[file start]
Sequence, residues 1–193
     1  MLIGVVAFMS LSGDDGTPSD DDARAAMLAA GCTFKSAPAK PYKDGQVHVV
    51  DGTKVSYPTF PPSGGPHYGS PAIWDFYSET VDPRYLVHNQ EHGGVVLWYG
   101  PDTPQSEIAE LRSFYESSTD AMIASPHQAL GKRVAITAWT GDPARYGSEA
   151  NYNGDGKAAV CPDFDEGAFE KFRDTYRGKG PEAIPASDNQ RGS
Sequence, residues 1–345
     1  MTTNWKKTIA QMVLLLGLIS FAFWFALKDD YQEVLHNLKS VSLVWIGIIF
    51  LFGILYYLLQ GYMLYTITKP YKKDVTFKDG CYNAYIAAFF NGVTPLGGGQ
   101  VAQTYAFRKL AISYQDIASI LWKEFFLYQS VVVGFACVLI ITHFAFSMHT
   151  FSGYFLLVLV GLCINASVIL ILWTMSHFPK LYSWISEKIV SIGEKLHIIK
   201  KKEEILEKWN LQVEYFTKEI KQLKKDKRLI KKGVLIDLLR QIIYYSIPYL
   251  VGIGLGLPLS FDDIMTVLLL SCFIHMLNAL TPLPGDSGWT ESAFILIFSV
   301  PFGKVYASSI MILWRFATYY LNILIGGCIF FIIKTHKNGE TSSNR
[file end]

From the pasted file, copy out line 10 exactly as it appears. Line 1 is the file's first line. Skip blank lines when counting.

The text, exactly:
   151  FSGYFLLVLV GLCINASVIL ILWTMSHFPK LYSWISEKIV SIGEKLHIIK